As I mounted my silver Mercury to leave Daytona Tuesday, I knew I was leaving behind some great events but I knew I was taking with me special memories that will last a lifetime. I had actually stayed two nights in the very place where MY sport was organized. I had actually taken the same elevator used by Big Bill and company to go up to the top floor to do what it took to make stock car racing a true and organized sport.
As I left the hotel and was driving down highway 92 heading for I-95 North I passed the speedway. Standing on the sidewalk across from the speedway were two guys selling tickets to the 500. On a lark I lowered my passenger window and asked the price. The guy stuck a hand full of tickets in my window and told me they were priced at over $300.00 but I could have them for $50.00 each. I thought of the old time scam tricks but he insisted he has to get rid of them and he had only paid $50.00 from them at the ticket outlet in Daytona. How much of that is true I cannot say. I can say that on Sunday, I passed the speedway at 1:00 p.m. That was in the middle of pole qualifying and before the "Clash, Shootout or whatever it is now" and there was a parking lot just before the track that posted a sign saying "Parking $20.00", obviously a $10.00 mark up from the ARCA race as clearly indicated by the "2" being crudely made from the "1" of the previous day. Although the lot appeared capable of parking 200 or more cars, there were less than 20 cars to be seen. The ONLY fans I saw were a father with four daughters ranging in age from about 8 to 15 getting ready to cross the street to the speedway. How sad, I thought to myself, that what was created in the smoke-filled room and was such a huge success from so many years has been relegated to $50.00 tickets and wide open parking lots.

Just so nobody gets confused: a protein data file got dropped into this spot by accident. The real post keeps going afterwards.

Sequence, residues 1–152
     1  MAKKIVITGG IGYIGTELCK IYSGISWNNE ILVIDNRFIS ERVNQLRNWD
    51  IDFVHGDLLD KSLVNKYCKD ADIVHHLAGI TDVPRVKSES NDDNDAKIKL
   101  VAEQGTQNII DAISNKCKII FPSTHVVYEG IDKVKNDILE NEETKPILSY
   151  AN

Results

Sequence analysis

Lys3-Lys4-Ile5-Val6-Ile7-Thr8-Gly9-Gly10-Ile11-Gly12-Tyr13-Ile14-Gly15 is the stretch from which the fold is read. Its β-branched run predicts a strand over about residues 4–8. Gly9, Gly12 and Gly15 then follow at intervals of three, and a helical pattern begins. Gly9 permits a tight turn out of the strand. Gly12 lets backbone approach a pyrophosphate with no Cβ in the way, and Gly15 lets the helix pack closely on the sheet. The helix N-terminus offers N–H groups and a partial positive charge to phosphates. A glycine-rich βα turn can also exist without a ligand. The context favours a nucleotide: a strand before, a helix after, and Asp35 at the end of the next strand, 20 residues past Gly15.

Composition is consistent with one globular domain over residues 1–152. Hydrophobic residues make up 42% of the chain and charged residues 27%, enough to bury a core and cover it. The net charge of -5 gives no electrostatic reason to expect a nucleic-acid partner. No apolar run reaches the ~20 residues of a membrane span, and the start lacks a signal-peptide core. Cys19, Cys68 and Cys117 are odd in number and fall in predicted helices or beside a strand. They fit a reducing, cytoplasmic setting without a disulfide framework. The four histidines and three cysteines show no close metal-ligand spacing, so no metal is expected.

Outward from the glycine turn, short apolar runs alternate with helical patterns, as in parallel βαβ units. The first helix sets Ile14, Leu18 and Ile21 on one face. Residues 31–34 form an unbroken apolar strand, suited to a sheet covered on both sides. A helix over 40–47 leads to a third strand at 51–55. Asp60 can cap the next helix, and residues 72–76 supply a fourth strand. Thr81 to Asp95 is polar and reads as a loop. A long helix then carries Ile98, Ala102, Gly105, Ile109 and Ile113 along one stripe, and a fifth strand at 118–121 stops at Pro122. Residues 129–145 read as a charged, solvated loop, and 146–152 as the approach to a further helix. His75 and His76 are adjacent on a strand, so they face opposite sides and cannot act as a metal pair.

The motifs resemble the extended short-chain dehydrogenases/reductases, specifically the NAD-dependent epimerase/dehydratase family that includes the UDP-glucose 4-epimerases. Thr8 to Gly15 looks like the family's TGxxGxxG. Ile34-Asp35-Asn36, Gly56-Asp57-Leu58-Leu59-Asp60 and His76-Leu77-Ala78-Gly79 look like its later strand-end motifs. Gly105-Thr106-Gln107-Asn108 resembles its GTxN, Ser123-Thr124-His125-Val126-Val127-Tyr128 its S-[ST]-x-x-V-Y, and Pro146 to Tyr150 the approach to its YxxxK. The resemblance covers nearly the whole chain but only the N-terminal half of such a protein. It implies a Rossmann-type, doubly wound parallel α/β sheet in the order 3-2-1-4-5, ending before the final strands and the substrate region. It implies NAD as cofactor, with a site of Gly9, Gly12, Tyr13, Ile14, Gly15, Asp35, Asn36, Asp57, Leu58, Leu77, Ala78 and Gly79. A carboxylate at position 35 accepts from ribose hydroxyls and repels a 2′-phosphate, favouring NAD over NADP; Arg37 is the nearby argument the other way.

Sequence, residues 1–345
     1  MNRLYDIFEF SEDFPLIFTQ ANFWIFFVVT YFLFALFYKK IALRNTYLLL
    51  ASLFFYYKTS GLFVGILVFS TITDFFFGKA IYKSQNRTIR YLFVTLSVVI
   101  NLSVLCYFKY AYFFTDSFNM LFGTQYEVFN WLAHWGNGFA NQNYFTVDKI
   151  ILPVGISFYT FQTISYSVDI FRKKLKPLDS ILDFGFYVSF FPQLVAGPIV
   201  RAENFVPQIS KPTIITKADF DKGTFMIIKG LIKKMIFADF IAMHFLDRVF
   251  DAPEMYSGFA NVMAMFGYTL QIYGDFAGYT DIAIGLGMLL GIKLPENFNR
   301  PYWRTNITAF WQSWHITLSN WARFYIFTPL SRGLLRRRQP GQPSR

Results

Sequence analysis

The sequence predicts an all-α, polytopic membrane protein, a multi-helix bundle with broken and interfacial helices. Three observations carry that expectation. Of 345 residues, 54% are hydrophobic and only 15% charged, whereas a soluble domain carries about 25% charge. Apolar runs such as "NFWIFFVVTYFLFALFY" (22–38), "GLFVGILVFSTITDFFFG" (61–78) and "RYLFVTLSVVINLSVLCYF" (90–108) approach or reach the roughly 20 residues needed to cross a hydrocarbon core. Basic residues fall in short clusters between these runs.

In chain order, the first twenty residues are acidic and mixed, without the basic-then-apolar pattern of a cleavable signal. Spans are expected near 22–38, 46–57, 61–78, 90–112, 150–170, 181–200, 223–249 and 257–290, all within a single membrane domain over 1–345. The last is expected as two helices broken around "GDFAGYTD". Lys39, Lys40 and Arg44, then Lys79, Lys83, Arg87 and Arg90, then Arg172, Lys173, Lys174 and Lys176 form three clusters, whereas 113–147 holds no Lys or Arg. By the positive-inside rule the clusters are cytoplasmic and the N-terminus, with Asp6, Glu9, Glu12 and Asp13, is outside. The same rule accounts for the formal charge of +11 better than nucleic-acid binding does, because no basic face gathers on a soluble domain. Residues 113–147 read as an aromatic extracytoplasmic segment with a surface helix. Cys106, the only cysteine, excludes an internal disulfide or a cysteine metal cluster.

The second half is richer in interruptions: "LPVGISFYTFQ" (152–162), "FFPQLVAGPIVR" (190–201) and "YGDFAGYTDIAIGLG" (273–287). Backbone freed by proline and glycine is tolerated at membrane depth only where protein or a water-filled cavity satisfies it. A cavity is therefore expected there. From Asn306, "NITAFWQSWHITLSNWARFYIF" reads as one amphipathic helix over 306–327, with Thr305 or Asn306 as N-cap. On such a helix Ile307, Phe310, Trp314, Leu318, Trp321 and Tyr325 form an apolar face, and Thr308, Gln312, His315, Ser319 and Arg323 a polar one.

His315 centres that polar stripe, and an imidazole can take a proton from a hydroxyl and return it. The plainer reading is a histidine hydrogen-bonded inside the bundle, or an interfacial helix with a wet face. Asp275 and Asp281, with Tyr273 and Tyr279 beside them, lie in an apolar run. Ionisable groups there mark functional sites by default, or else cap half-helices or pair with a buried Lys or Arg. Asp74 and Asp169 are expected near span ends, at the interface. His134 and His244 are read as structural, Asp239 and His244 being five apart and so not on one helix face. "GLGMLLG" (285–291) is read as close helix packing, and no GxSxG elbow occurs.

That last paragraph is by no means an indictment of NASCAR, per se, as I am aware attendance at most major sporting events is way down. I understand the ratings for the Winter Olympics are the lowest ever. But still, I have to wonder if NASCAR management were to revisit that top floor room of the Streamline and perhaps imagine Big Bill was sitting at that table, would things change?